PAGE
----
• The plot resolution: This part is going to be spoiler-free, but you may skip it if you prefer. As I wrote above, the pacing was a bit off, and everything happened all at once at the end. Some plot twists weren’t really surprising, sadly, and it added in the fact that Juliette is a daredevil that doesn’t learn from her previous mistakes, while Roma didn’t do much. Even the cliffhanger with which the book ends isn’t holding me spellbound. It was to be expected.

Note : 3 sur 5.

You’ll like These Violent Delights if you like Romeo and Juliette, roaring twenties, modern retellings, and political fantasy.

The Love Curse of Melody McIntyre

by Robin Talley

Perfect for fans of Becky Albertalli and Nina LaCour, this #ownvoices romantic comedy from New York Times bestselling author Robin Talley has something for everyone: backstage rendezvous, deadly props, and a seemingly insurmountable obstacle to True Love.

Melody McIntyre, stage manager extraordinaire, has a plan for everything.

What she doesn’t have? Success with love. Every time she falls for someone during a school performance, both the romance and the show end in catastrophe. So, Mel swears off any entanglements until their upcoming production of Les Mis is over.

Of course, Mel didn’t count on Odile Rose, rising star in the acting world, auditioning for the spring performance. And she definitely didn’t expect Odile to be sweet and funny, and care as much about the play’s success as Mel.

Which means that Melody McIntyre’s only plan now is trying desperately not to fall in love.


✨ 464 pages – Out on December 1st
Trigger & Content Warnings: mention of fires, slut-shaming,
Representation: bisexual main characters, f/f romance, m/m parents, side characters of colors

Melody McIntyre just landed the dream of her job in the theater crew of her high school: stage manager. Which means she’s in control of the show, and everything needs to be perfect, especially since an old curse seems to take things from worse to worser in their theater. But then, on opening night, her girlfriend dumps her in the middle of the show, and it reverberates on the play. What if Mel’s love life triggers the curse? Her crew and friends make her swear to stay single for the Spring musical, so nothing can jeopardize their production of Les Mis. And that’s fine! Mel’s okay! That is until rising star Odile Rose comes back to school and sign up for the musical… The Love Curse of Melody McIntyre is your sapphic Hollywood romance, but make it high school theater.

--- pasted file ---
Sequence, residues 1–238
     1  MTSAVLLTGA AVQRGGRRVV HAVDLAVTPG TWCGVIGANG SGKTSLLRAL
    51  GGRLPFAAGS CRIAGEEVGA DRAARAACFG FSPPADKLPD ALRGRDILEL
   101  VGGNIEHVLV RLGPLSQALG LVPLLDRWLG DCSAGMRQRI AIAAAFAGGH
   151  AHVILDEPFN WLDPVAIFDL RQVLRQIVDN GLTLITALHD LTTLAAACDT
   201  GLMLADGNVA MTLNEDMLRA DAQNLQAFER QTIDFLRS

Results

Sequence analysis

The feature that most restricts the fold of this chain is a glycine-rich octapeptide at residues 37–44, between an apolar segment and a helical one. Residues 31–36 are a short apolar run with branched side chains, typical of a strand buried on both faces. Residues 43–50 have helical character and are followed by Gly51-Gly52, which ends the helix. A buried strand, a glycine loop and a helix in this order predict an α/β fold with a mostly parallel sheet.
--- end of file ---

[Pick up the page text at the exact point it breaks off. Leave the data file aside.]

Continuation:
A sapphic theater romance? I was sold before I even opened the book. And happily for me, this book was everything I wished for, and even more!

What worked for me

The universe: The whole book is set in a high school theater, and the characters are all theater nerds. And I am one myself, having been part of a theater company’s cast and crew during high school too, so the whole universe of The Love Curse of Melody McIntyre really hit close. I loved reconnecting with this universe, and the theater and musical references were also really nice to get. I felt like in a little warm bubble, and Robin Talley made a great job to translate exactly what it feels like to be part of a theater company.
The plot: I love the idea — an ancient curse that jeopardizes shows if someone breaks a rule, and all those theater superstitions (really, theater nerds — myself included — we do not joke about that). I liked how it was introduced, and what Robin Talley made with it. And I’m not going to spoil you, but I really like how this ends, and what they do about that curse.
The romance: It’s just so cute. There is no homophobia, no pressure to come out, nor to hide because this is a sapphic relationship. Both Melody and Odile are casual about their sexuality, and their dating experience. There is a bit of slut-shaming coming from side characters, but it is immediately depicted as a bad thing. Melody, who has been dating several peoples the last few years, throws the words « bisexual » and « virgin » as if it is not a big deal — and it’s not, but having a character not worrying about those kinds of things is nice. Odile has only dated a man before, but her romance with Melody is no experiment, and she doesn’t freak out about her new relationship with a girl. Their bisexuality and different dating experiences are written as a normal thing, and in no way a mean for conflict. Plus, they’re super cute with each other, showering the other with support and love from the start.
The intermission: This is a small part in the book, between the last two parts/acts, and this is the first time I read something like that in a (YA) book. The intermission is a succession of three or four chapters where there are only the dialogues written — no action, no description. We follow Melody and Odile as they start dating seriously, and having all those dates where they get to know each other, and the whole thing really felt like a little bubble of coziness.

What didn’t work for me

• A bit too many characters: I really had to think to come up with something that didn’t work for me. I get it that it takes place in a theater company, and there is a lot of people, plus parents, and teachers, and… this felt a bit too much sometimes. I was identifying easily the main and secondary characters, but I had a hard time keeping up with those background characters we see from time to time. It may have been a bit too much to name everyone in the company, and include everyone in the plot, even if it helped to create the feeling of a whole company/family, but I wouldn’t have minded if we didn’t know about those random guys and focused more on the secondary characters.

Note : 5 sur 5.

You’ll like The Love Curse of Melody McIntyre if you love musicals and theater, Hollywood romance, and YA feel-good books.